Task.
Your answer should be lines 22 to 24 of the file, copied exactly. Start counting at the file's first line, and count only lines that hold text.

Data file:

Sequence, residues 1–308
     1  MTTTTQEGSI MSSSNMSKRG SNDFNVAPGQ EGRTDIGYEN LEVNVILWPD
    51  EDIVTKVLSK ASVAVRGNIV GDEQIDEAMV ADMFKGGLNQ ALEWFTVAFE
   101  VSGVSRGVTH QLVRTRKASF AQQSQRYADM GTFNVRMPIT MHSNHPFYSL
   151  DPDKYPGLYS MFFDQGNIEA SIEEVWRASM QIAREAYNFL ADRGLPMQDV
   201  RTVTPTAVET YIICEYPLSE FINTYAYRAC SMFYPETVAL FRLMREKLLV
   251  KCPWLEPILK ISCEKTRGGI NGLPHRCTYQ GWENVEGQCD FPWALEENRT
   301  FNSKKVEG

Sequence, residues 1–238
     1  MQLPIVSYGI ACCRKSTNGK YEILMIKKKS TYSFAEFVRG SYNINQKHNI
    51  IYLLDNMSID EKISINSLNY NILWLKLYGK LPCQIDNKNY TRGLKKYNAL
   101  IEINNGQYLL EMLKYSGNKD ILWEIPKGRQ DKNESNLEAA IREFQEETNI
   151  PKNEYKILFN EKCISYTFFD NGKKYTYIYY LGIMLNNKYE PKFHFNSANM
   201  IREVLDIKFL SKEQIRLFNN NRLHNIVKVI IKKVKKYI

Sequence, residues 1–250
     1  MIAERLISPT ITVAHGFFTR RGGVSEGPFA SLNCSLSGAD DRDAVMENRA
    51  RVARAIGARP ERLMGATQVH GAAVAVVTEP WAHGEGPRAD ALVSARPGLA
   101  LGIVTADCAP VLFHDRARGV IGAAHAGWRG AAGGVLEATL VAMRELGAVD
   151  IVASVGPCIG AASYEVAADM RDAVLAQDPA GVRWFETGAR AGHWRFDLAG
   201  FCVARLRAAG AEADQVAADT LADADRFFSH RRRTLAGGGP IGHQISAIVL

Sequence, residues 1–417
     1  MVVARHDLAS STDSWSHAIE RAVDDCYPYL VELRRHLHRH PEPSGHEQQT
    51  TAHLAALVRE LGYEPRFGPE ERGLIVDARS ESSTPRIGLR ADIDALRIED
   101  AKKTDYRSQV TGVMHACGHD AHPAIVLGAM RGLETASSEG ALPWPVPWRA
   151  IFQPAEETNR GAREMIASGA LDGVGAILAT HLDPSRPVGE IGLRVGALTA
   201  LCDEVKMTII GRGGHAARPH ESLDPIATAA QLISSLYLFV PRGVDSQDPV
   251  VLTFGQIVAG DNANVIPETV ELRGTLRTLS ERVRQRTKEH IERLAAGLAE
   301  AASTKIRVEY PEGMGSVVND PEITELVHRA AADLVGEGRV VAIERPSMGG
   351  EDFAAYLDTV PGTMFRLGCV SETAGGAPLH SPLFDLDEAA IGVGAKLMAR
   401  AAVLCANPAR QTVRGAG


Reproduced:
     1  MVVARHDLAS STDSWSHAIE RAVDDCYPYL VELRRHLHRH PEPSGHEQQT
    51  TAHLAALVRE LGYEPRFGPE ERGLIVDARS ESSTPRIGLR ADIDALRIED
   101  AKKTDYRSQV TGVMHACGHD AHPAIVLGAM RGLETASSEG ALPWPVPWRA